Students pursuing degrees in health fields that focus on older people are receiving assistance from a foundation that once offered that help itself but is now passing the torch to a new generation of caregivers. Shady Rest Foundation is the entity that oversees the funds from the sale of a facility run by Lee County to care for low-income seniors. The county eventually turned the care center over to a non-profit corporation and, years later, sold the facility and the land on which it sat near Page Field in south Fort Myers.
Today, the officers of Shady Rest Foundation have chosen to use the money from the sale, in part, to fund scholarships for students who plan to go into healthcare for older adults. The $3 million donation the group has made will go a long way toward assisting FGCU students in the pursuit of that goal with the creation of two endowments. This most recent gift builds upon last year’s generosity of $1 million for current support of these students.
Jo Stecher, Ph.D., R.N., who is vice chair of the foundation board and a former FGCU nursing professor who taught gerontology, among other things, sees a critical need. “These scholarships can get students into the workforce in a more timely manner,” she said. “It serves the community and helps students who prefer to work with older adults. It also helps them complete their schooling with less debt.”
Another factor is that students enrolled in the Marieb College of Health & Human Services attend classes and clinicals virtually full time and are preparing for both when they aren’t in one or the other.
“There’s no time for them to hold down jobs while they are in school,” Stecher said.
Senior nursing student Valeria Cardona knows this situation well.
“Nursing is a very demanding major,” she said. “In order to have a high academic performance, I am unable to work full time. I am very thankful for this foundation and its scholarship because it empowers students to keep working hard toward their academic goals and because it inspires me to give back to my community. The words ‘thank you’ fall short to describe how grateful I am. I would not be able to continue my studies at this time if it were not for the generosity of the Shady Rest Foundation.”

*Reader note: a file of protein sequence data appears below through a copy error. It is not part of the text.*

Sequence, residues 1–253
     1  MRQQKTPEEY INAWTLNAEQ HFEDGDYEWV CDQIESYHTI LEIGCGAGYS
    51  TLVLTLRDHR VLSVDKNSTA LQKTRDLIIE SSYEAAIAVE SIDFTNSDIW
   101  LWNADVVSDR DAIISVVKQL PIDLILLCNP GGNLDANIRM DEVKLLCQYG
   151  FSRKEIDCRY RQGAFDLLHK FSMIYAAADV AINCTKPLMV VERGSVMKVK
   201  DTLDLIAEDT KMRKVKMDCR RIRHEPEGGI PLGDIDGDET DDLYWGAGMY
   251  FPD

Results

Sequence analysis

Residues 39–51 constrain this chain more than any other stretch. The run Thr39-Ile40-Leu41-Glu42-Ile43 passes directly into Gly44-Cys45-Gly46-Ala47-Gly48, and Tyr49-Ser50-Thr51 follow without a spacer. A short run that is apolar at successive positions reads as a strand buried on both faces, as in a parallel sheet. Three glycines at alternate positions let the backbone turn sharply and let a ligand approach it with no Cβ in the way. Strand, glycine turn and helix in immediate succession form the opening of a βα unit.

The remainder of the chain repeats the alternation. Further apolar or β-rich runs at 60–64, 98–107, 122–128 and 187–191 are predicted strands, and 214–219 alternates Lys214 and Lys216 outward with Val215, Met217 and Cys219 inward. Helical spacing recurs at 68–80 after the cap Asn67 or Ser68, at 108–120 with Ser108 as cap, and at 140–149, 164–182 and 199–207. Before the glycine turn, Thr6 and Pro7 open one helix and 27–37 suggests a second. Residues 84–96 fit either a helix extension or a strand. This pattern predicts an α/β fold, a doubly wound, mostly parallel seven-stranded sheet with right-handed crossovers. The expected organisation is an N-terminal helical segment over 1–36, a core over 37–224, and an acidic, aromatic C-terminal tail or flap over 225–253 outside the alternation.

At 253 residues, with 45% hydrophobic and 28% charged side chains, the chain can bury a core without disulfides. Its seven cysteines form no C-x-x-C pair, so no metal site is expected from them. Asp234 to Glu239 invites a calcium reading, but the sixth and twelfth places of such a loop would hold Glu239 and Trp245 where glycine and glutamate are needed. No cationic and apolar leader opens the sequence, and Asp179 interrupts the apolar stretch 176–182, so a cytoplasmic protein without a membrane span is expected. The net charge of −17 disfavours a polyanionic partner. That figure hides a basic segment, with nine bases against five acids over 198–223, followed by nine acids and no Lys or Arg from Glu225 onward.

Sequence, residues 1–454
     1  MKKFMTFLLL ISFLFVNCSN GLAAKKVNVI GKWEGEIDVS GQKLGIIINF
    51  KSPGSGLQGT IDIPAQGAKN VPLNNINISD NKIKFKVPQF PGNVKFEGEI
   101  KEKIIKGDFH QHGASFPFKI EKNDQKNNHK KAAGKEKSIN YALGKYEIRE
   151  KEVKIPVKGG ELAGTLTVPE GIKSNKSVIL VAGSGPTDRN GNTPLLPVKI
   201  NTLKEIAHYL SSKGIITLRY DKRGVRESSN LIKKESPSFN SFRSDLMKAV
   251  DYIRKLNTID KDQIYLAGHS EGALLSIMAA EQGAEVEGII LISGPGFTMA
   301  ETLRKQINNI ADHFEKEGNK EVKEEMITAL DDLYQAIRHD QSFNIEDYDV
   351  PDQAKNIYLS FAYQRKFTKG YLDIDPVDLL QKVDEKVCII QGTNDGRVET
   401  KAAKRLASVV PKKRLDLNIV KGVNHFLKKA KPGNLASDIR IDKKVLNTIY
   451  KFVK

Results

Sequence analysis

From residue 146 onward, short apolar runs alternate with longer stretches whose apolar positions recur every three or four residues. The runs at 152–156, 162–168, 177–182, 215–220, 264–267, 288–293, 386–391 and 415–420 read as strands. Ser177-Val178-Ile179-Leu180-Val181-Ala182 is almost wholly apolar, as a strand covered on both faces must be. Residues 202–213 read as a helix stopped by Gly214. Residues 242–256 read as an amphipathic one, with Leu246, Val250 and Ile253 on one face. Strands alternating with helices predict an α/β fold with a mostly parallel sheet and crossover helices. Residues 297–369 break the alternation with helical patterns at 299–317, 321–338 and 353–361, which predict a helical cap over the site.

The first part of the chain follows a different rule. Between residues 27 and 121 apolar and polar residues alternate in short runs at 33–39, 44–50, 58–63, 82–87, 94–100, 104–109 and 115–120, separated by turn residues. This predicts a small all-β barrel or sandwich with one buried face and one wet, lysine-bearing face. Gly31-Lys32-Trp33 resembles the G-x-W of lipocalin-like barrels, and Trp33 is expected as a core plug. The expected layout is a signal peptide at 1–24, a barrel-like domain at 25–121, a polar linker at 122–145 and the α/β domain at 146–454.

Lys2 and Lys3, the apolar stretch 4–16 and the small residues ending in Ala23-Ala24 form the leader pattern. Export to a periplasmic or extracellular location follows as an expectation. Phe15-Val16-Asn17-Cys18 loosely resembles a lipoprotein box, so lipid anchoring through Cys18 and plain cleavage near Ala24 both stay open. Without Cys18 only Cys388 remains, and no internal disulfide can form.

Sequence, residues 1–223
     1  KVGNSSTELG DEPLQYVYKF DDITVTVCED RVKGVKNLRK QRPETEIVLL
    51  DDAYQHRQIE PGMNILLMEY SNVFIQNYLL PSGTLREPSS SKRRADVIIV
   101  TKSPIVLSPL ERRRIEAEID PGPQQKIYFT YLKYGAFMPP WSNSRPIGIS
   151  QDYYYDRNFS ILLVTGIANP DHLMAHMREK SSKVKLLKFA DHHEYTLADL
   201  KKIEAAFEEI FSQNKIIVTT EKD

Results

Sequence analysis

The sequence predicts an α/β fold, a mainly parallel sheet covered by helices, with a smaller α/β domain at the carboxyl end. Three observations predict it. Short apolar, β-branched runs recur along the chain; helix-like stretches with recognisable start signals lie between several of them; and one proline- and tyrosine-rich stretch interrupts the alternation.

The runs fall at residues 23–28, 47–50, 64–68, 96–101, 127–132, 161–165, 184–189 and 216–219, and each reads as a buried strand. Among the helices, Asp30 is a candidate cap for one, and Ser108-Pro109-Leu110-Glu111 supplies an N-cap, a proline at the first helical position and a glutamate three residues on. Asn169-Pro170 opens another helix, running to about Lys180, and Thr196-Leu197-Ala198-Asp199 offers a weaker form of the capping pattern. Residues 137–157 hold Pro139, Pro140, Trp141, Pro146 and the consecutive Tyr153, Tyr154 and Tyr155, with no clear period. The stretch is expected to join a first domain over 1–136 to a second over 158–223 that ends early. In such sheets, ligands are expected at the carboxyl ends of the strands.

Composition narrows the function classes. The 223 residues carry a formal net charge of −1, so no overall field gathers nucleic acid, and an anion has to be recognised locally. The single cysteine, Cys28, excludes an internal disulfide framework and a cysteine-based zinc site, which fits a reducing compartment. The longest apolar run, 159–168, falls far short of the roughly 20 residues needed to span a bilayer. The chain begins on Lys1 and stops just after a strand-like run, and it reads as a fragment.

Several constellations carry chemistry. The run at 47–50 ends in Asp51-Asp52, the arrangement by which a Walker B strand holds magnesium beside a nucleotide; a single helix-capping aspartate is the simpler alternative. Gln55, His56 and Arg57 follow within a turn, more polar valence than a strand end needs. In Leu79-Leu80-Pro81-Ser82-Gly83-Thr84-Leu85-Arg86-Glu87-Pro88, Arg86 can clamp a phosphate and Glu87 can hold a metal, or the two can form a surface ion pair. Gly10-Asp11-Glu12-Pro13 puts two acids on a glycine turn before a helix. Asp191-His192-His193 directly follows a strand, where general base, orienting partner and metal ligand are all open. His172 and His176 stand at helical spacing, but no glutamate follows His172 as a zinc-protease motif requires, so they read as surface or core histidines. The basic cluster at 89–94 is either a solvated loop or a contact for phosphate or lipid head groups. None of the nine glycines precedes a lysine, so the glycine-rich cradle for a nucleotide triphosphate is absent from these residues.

The tuition scholarships are awarded to both undergraduate and graduate students, which makes them unique as there are no other such awards for graduate students seeking to work with older adults.
Not only that, it doubles the number of scholarships available for graduate students at the university, according to Dolly Farrell, senior director of Development.
“I am honored to be one of the recipients of the Shady Rest Scholarship,” said Sabreen Yousef, a graduate student pursuing her master’s degree as a physician assistant. “I am the first in my family to seek higher education, and it’s generous donations like these that are helping my dream of becoming a physician assistant become a reality.
“My family and I were impacted financially by COVID-19, and this has helped take one more burden off of my shoulders so that I may put all my focus into my studies. I am one step closer thanks to the Shady Rest Scholarship and will continue to stay committed to my education and the healthcare field.”
Brandon Butry, who is pursuing his doctoral degree in physical therapy, feels much the same way.
“This scholarship has had a tremendous impact on allowing me to fully focus on school without the stress of adding a full-time job into my busy schedule,” Butry said. “I have more time to put towards my studies and engulfing myself in what it takes to be a great physical therapist. I can’t thank the foundation enough for awarding me with this prestigious scholarship and I am extremely grateful for the impact it has made on my life.”
Given the shortage of nurses and other medical staff the nation is now experiencing because of COVID, these scholarships become even more significant.
“This gift would be welcome at any time, but is especially meaningful now when hospitals and senior care facilities all badly need well-qualified nurses and other trained healthcare professionals,” said Shawn Felton, Ed.D., interim dean of Marieb College. “FGCU prides itself on working to meet the needs of our community and the Shady Rest Foundation’s generous gift will certainly help us do that.”
Bob Murray, Shady Rest board chair, said “when we first sold the facility and put the money into the foundation, we wanted to give back. It took us a couple of years to figure out what we wanted to do.” He credits Stecher with making connections that made it possible to create the scholarships.
“I think this is the right thing to do,” he said. “It’s very heartwarming. I’m very happy that we could do this.”